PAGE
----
Play the story. His films, slide shows, and photographs all present various historical figures, real and make-believe alike: a politician, a freed slave, a drama coach, a lexicographer, a camera inventor, a philosopher, and the like. The artist chooses such figures for what their life experience reveals about issues running through the contemporary world.
Curated by Mark Godfrey
The exhibition Matthew Buckingham, Play the Story is being organized by Camden Arts Centre, London, in association with the Frac Bourgogne, Dijon; Dundee Contemporary Arts, Dundee; Des Moines Art Center, Des Moines and Henry Art Gallery, Seattle.
The Frac Bourgogne is member of -PLATFORM-
The FRAC Bourgogne -Burgundy Regional Contemporary Art Collection- is hosting the first solo show in France of the work of the American artist Matthew Buckingham (born in 1963 in Nevada, Iowa, USA). His films, slide shows, and photographs all present various historical figures, real and make-believe alike: a politician, a freed slave, a drama coach, a lexicographer, a camera inventor, a philosopher, and the like. The artist chooses such figures for what their life experience reveals about issues running through the contemporary world.
For this exhibition, titled Play the Story, he is presenting three video installations produced in 2007. They revisit the route taken by two women of importance in the feminist movement, as well as an influential episode of film history. As a fully-fledged historiographer, no less, Matthew Buckingham invites viewers to experience history and its constructive methods, as well as feel its closeness to the present.
“The past is never dead. It's not even past”, wrote William Faulkner. This oft-repeated quotation perfectly situates what he has been involved with since the mid-1990s: challenging the connection we have with history. Surprised by our understanding of history, as well as by the objectivity value we grant it, the artist re-interprets historical facts, the better to question the meaning of documents and images, and incorporate them on the basis of different viewpoints.
For Buckingham, each work is the springboard for nothing less than an historical investigation. He seeks out ancient sources as well as the way in which publications have reported the event in the course of history. He chooses situations which retain an extreme topicality. Matthew Buckingham’s work may be fuelled by an important theoretical basis, but it matters to him to come up with installations whose scope is based on textual experience as much as imagery and space. Understanding, representation, and physical experience are all worked in such a way as to lend substance to thoughts and events.
Three installations made in 2007 are brought together in this show: The Spirit and the Letter presents the writings of the novella writer, essayist and feminist Mary Wollstonecraft (1759-1797); Everything I Need imagines the thoughts of Charlotte Wolff (1897-1986), forerunner of gender theories and theories about homosexuality, during her flight back to Berlin in 1978, after 35 years of exile in England; and False Future links back up with the early cinematographic images shot by Louis Le Prince (1841-1890), French inventor of the camera, who mysteriously disappeared in a train between Dijon and Paris. In these three installations the artist makes use of the principle of spectator identification associated with different image arrangements, aimed at giving to each one of these situations a stronger actuality.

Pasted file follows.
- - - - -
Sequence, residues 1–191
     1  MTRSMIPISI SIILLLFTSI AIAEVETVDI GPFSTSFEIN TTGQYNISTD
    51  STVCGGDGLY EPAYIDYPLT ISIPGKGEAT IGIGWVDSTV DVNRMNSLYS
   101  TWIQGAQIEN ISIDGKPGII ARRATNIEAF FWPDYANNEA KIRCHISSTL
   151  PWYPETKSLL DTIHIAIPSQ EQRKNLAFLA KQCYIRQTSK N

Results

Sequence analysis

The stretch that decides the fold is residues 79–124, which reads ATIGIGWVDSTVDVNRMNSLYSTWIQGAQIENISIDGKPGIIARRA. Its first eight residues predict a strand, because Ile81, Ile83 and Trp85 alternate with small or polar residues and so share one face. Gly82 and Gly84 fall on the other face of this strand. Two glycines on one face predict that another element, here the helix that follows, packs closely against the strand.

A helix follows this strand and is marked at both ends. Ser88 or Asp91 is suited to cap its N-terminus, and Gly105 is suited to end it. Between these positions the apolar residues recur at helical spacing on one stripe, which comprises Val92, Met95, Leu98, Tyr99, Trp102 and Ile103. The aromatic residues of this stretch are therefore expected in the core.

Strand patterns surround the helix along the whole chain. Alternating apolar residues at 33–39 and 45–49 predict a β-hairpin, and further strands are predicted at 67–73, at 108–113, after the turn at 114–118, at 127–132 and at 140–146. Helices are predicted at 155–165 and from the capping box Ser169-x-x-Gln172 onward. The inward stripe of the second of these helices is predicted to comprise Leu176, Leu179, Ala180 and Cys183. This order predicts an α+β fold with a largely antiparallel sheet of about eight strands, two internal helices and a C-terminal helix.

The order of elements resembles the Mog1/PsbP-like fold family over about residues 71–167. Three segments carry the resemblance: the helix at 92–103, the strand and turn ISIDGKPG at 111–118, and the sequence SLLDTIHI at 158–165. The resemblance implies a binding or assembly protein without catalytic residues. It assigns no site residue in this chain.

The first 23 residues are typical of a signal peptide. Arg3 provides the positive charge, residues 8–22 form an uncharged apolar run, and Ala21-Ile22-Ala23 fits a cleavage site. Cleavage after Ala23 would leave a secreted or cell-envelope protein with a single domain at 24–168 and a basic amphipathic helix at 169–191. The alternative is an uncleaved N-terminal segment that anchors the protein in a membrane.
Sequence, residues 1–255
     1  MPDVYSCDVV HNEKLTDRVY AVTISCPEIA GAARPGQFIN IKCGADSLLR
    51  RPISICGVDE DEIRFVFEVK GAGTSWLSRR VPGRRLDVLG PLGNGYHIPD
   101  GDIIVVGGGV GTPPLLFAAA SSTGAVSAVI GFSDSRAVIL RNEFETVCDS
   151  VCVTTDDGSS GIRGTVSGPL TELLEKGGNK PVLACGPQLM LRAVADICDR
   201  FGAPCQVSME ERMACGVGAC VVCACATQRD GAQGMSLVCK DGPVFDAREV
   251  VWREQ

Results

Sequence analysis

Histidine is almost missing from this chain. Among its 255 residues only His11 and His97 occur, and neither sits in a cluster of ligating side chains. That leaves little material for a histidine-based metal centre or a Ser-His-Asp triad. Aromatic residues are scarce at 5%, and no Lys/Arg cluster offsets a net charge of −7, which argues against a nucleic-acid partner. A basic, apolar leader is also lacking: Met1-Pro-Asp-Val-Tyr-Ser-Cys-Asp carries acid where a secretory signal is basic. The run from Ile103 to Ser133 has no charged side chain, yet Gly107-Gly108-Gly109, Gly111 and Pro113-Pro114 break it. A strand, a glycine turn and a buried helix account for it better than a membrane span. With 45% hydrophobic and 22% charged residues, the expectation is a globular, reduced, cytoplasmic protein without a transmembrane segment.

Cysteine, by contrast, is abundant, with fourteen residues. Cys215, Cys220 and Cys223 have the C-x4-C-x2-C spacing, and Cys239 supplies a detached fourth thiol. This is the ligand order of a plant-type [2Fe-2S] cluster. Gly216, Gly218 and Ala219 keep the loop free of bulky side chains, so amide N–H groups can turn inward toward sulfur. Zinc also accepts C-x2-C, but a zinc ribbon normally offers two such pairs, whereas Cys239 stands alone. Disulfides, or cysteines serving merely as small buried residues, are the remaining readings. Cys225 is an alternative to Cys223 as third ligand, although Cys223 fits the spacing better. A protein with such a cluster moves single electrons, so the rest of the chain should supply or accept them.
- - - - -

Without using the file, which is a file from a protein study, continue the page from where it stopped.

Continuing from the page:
These three works well illustrate Matthew Buckingham’s approach and method, which also borrows from the historian, the archivist, the anthropologist and the detective. In his installations, the artist gives preference to the way the viewer negotiates between several sources and documents. He is interested by the encounter between work and viewer, leaving the latter a great deal of autonomy, running counter to the conveyance of a more unified sense. Each project seems comparable to the state of the beginning of his own research, when things crop up in a dispersed way, without any immediate coherence. By summoning up historiography within the exhibition venue, Matthew Buckingham recognizes in the exhibition’s form a capacity for honing the onlooker’s perceptions. ”Looking for forms of interdependence, analyzing contemporary problems by nearing their complex relationships in mind, this is perhaps a way of sidestepping cynicism and naivety.”[Conversation between Matthew Buckingham and Mark Godfrey: New York and London, February 2007”,in Matthew Buckingham Play the Story, Camden Arts Centre, (Londres – GB), Frac Bourgogne, (Dijon – France), Dundee Contemporary Arts (Dundee, Écosse - GB), Des Moines Art Centre (Des Moines - USA), Henry Art Gallery (Seattle - USA), 2007, vol.1, p.45].
Text by Claire Legrand, manager of the visitor’s department
Translated by Simon Pleasance
Supporting Bodies: This exhibition was produced with the support of the Ministry of Culture and Communication (DRAC: Regional Direction of Cultural Affairs of Burgundy), the Burgundy Regional Council and the Côte d'Or General Council.
Others events during the exhibition at the Frac Bourgogne in Dijon:
• Festival Art Dance 2008 -- Annie Vigier, Franck Apertet / Les gens d'Uterpan -- X-Event 2 (dance performance) Sunday March 2nd 2008 -- 5-6:30 pm - admission free until seats are taken. Designed by: AnnieVigier and Franck Apertet, choreographers; Art Danse CDC Dijon, Burgundy / Studio reception, jointly produced with the Frac Bourgogne.
• Jus de fruits #1 Concert -- Sunday April 27th 2008 -- 11 am - admission free until all seats are taken.
Opening : Friday 15th February at 6 pm
(Regional Contemporary Art Collection of Burgundy)
49 rue de Longvic F-21000 Dijon
Opening Hours : Monday to saturday from 2 pm to 6 pm (except holidays)
Guided Tour : Saturday 5th April, 2008 - 3 pm – free entry